What is alcohol poisoning?
Alcohol poisoning is when your body shuts down due to excessive amounts of alcohol. Alcohol slows down many of the function of the body including blood pressure, heart rate, and breathing. If a person has put a large amount of alcohol in his or her system, the slowing down can lead to passing out and unconsciousness- and the vital organs, heart and lungs can be slowed to the point of stopping.
It is common for someone who drank excessive alcohol to vomit since alcohol is an irritant to the stomach. There is then the danger of choking on vomit, which could cause death by asphyxiation in a person who is not conscious because of intoxication.
You should also know that a person's blood alcohol concentration (BAC) can continue to rise even while he or she is passed out. Even after a person stops drinking, alcohol in the stomach and intestine continues to enter the bloodstream and circulate throughout the body. It is dangerous to assume the person will be fine by sleeping it off.
Call 911 for help. If there is any suspicion of an alcohol overdose, it is imperative to call 911. Every minute makes a difference in the health of your friend.
While waiting for medical help gently turn them on their side and maintain that position by placing a pillow in the small of their back and between their legs. This is important to prevent choking should they vomit. Stay with them until medical help arrives.
Some students are concerned that they might get their friend or themselves in trouble for calling 911 if they are underage. Although there is a small risk of legal trouble, none of the consequences compare to losing a life and losing a friend.
Illegal Possession of Alcohol
Any person under the age of 21 that purchases, asks for, or in any way receives intoxicating liquor can be charged with a misdemeanor.
Use or Possession of a Fake ID
Any person who is less than 21 years of age, who uses a reproduced, modified, or altered license for the purpose of purchasing, asking for or in any way receiving any intoxicating liquor can be charged with a misdemeanor.
Any person who possesses an open container of alcohol on any street, sidewalk or city parking facility could be charged with a misdemeanor.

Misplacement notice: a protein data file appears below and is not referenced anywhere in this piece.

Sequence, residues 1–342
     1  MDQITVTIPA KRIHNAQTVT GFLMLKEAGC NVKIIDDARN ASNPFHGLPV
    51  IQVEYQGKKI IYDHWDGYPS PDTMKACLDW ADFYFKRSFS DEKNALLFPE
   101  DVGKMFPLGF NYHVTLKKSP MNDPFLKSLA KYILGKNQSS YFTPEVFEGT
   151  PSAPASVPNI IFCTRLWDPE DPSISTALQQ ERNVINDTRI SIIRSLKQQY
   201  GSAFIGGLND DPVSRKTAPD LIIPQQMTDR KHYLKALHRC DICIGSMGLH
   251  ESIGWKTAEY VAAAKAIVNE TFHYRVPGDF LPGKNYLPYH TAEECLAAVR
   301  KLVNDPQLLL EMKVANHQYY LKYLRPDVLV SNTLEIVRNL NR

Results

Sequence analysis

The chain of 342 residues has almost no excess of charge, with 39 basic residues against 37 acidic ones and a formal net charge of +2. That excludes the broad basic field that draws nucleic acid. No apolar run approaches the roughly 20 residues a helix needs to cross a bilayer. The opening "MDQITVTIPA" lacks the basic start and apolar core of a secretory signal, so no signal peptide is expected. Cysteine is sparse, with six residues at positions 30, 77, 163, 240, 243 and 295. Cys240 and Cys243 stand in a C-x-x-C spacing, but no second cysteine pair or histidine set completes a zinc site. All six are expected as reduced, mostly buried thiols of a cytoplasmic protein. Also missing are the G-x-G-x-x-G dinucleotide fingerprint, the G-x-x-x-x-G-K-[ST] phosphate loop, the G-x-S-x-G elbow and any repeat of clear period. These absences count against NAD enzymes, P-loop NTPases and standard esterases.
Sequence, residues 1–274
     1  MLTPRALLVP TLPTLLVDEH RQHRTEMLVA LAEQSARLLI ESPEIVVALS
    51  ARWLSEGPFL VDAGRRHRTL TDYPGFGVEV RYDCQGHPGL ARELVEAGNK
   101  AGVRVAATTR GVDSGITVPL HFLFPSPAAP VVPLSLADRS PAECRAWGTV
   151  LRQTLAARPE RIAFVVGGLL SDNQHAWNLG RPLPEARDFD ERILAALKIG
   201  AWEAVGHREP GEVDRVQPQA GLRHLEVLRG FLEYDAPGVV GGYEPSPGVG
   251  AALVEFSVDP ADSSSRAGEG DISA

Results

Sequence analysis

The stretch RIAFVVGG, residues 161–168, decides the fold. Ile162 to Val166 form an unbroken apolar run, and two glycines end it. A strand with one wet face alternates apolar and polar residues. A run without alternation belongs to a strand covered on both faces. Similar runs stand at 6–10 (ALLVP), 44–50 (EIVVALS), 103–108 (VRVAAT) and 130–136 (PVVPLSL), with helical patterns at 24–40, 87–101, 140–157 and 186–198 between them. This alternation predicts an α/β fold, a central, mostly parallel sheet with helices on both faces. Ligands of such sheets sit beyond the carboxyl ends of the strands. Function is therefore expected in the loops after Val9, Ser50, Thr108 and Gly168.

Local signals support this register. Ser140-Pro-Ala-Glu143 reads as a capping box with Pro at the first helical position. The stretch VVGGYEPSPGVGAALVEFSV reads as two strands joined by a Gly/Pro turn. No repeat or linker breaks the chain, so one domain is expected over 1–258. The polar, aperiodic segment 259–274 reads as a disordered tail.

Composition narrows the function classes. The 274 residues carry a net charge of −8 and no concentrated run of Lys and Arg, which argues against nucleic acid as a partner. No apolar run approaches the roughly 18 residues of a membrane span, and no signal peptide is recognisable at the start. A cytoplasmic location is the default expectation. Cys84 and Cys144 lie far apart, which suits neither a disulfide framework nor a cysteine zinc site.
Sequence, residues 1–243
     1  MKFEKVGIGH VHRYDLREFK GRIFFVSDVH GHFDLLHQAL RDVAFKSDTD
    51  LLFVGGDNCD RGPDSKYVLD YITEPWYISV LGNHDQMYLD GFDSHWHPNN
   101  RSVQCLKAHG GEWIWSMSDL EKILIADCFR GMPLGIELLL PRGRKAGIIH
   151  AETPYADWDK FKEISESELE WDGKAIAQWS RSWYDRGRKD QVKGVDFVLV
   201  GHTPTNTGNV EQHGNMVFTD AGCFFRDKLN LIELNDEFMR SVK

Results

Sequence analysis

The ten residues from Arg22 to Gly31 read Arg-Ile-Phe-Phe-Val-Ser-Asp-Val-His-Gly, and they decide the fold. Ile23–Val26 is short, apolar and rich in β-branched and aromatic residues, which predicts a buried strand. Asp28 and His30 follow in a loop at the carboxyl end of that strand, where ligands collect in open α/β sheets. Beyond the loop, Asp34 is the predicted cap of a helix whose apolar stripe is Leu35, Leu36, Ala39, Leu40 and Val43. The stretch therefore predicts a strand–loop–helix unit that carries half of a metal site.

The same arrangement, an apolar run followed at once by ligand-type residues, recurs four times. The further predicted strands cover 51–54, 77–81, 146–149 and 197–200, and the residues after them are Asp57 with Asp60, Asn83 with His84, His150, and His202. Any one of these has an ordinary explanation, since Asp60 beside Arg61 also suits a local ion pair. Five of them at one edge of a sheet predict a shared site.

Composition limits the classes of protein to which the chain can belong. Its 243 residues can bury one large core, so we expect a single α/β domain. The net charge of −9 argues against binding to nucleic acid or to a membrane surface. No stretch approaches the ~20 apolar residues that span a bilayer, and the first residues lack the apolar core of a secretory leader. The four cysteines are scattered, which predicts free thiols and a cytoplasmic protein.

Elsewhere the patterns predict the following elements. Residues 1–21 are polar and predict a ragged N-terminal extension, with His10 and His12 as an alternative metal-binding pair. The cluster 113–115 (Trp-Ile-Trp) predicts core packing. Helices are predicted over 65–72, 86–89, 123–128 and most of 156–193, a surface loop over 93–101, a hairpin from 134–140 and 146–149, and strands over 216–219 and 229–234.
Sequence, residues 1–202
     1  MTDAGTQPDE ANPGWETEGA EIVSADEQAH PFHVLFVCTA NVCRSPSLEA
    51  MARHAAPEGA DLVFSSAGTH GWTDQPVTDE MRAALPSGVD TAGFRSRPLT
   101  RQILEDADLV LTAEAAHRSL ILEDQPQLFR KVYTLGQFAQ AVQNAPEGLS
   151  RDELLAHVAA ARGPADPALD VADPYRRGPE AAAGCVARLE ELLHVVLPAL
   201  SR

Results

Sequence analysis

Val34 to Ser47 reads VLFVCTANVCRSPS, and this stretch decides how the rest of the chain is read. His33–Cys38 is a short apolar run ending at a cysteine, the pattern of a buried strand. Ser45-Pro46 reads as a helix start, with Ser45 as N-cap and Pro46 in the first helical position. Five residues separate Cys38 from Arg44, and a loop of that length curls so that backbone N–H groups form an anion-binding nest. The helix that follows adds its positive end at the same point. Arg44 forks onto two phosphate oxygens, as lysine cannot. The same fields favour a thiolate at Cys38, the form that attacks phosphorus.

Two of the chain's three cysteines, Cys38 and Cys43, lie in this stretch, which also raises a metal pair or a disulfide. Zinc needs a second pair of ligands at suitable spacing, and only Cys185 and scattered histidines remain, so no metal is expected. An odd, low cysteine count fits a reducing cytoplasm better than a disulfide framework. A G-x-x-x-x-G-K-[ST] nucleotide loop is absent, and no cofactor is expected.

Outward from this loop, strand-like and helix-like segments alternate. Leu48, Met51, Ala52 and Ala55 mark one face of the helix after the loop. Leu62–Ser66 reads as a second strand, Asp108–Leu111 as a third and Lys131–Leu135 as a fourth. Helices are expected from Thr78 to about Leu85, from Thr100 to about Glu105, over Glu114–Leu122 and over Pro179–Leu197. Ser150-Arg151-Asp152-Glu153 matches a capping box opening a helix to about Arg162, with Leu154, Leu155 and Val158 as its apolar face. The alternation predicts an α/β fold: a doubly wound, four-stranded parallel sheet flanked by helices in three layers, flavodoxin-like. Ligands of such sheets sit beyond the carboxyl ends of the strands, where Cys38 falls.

Selling Alcohol without a License
It shall be unlawful for any person to sell alcohol, in any quantity, without acquiring a liquor license. If you sell alcohol at or charge admission to a party, the person accepting the money could be charged with selling liquor without a license. Sentences for this violation involve up to two years in prison and/or fines of up to $1,000. If the alcohol is served to a minor, the server could also be charged with supplying alcohol to a minor.
All retailers selling beer kegs must register the keg and affix a seal on the keg at the time of sale. The retailer will log the purchaser's name, address, and the acknowledgement of proper use and care of the keg. If a keg is confiscated by the police at a party at which underage persons have consumed alcohol, the purchaser of the keg can be identified-and arrested or fined-for supplying alcohol to underage persons. If a keg is returned with an ID tag defaced or missing, the deposit fee required at the time of sale is forfeited.
The legal BAC limit for DWI is .08. Those under 21 could be found guilty of a Zero Tolerance violation if their BAC is above .02. Consequences could include: fines, license revocation, classes, community service, and jail time, as well as misdemeanor or felony charges on one's record.
Abuse and Lose Law
In Missouri, anyone under 21 years old and operating a motor vehicle with either alcohol or illegal drugs in their possession can have their driver's license revoked for 90 days. The Abuse and Lose law also requires that your license be revoked for 90 days if you commit any of the following offenses: any alcohol related traffic offense; possessing or using an illegal drug; altering a driver's license; trying to use someone else's driver license. Second and subsequent offenses result in a one year license suspension.
Minor in Possession by Consumption Law
Provides that any person under the age of 21, who purchases or attempts to purchase, or has in his or her possession, any intoxicating substance is guilty of a misdemeanor. This act provides that a minor is also guilty of a misdemeanor for a "minor in possession" if he or she is "visibly intoxicated" or has a detectable blood alcohol content of .02.
Throwing a party is a great opportunity to spend time with friends and meet new people. But a party or event that started as a blast can end badly for everyone if you are not prepared to deal with issues related to guests' alcohol consumption and other behaviors.If a critical incident (such as injury, property damage or illegal activity) occurs at an event you are hosting, you could face civil and criminal charges in addition to campus consequences. Therefore, it is important to educate yourself on how to plan and host a fun and safe event.
START is a free Student Alcohol Responsibility Training program that will increase your skills and knowledge of how to host a fun and safe party. Click below to learn more about how to plan a safe event and become START certified.